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Frasier v. Evans

United States District Court, D. Colorado

November 21, 2018

LEVI FRASIER, Plaintiff,
Denver Police Officers CHRISTOPHER L. EVANS, #05151, CHARLES C. JONES, #04120, JOHN H. BAUER, #970321, RUSSELL BOTHWELL, #94015, and JOHN ROBLEDO, Defendants.


          Robert E. Blackburn Judge

         The matter before me is Plaintiff's Motion To Reconsider Order Re: Objections to Recommendation of United States Magistrate Judge [Dkt. 70] [#107], [1] filed August 17, 2018. I grant the motion.

         By this motion, plaintiff Levi Frasier seeks reconsideration of that portion of my order granting the individual officer defendants' motion to dismiss Mr. Frasier's First Amendment retaliation claims against them on the ground that the relevant law was not clearly established. (See Order Re: Objections to Recommendation of United States Magistrate Judge [#70], filed September 28, 2017.) The bases warranting reconsideration of a previous order are limited to “(1) an intervening change in the controlling law, (2) new evidence previously unavailable, and (3) the need to correct clear error or prevent manifest injustice.” Servants of the Paraclete v. Does, 204 F.3d 1005, 1012 (10th Cir. 2000) (citations omitted). Nevertheless, both the second and third of these considerations is implicated by Mr. Frasier's motion. I therefore grant the motion and reinstate his First Amendment retaliation claims against the officer defendants.

         In considering the officer defendants' prior motion to dismiss, I found that although there exists a First Amendment right to record the police in the public performance of their official duties, that right was not clearly established with respect to the officers' alleged conduct in this case. (See Order Re: Objections to Recommendation of United States Magistrate Judge at 2-7 [#70], filed September 28, 2017.) In so concluding, I noted the distinction between the cases in which it was clearly established that members of the public had a right to record officers and the facts of Mr. Frasier's case were “subtle” but that “qualified immunity is not defeated by subtleties. ‘[O]fficials are not liable for bad guesses in gray areas; they are liable for transgressing bright lines.”' (Id. at 6 (quoting Maciariello v. Sumner, 973 F.2d 295, 298 (4th Cir. 1992), cert. denied, 113 S.Ct. 1048 (1993)).). I therefore found the defendant officers entitled to qualified immunity and dismissed Mr. Frasier's First Amendment retaliation claims against them.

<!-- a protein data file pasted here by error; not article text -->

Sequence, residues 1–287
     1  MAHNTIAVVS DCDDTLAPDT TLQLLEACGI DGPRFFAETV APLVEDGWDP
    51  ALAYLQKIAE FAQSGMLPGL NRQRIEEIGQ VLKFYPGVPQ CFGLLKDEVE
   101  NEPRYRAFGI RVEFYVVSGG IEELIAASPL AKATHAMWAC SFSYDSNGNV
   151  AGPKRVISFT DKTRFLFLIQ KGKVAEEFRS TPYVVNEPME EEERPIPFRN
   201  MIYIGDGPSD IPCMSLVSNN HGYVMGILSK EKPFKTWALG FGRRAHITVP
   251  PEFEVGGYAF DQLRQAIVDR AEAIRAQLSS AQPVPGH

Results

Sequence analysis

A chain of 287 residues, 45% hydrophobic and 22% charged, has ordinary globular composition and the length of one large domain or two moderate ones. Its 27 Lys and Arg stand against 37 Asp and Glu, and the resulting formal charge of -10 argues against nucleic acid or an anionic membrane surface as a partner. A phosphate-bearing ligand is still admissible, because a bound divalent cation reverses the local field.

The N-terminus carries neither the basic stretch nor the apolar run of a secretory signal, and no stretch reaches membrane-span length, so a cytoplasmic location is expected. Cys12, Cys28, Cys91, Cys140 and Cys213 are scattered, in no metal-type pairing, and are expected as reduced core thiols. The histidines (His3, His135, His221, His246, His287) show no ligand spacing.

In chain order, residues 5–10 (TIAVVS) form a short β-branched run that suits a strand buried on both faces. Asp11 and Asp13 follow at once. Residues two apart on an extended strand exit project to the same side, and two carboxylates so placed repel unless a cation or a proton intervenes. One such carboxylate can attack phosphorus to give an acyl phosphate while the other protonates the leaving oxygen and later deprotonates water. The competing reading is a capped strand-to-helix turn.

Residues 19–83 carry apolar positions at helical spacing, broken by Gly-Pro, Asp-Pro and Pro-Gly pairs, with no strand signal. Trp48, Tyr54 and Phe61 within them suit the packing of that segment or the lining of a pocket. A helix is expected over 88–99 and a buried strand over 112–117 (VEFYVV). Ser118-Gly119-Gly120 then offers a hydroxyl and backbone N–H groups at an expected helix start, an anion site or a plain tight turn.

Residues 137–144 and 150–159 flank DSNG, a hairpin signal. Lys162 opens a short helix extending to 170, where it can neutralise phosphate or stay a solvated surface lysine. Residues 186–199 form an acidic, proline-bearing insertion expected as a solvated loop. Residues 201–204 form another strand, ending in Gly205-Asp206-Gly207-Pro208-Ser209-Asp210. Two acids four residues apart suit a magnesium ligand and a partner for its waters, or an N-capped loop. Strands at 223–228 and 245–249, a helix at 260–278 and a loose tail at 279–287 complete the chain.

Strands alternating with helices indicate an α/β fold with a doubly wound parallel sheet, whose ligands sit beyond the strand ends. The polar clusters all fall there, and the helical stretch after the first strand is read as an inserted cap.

Subsequently, the City sought summary judgment on Mr. Frasier's municipal liability claims, which alleged the City failed to adopt a policy regarding the First Amendment rights of citizens to record officers and failed to train, supervise, and/or discipline its officers in that respect. In support of that motion, the City presented evidence demonstrating that not only did it have such a policy in place many years before the defendant officers encountered Mr. Frasier, but that each of the defendant officers had received both formal and informal training regarding the subject. Moreover, each of the defendant officers acknowledged at their respective depositions that they understood the First Amendment protected citizens' right to record them. I found that evidence dispositive of Mr. Frasier's claims against the City and dismissed those claims with prejudice. (See Order Re: Defendants' Motion for Partial Summary Judgment at 24-26 [#119], filed November 21, 2018.)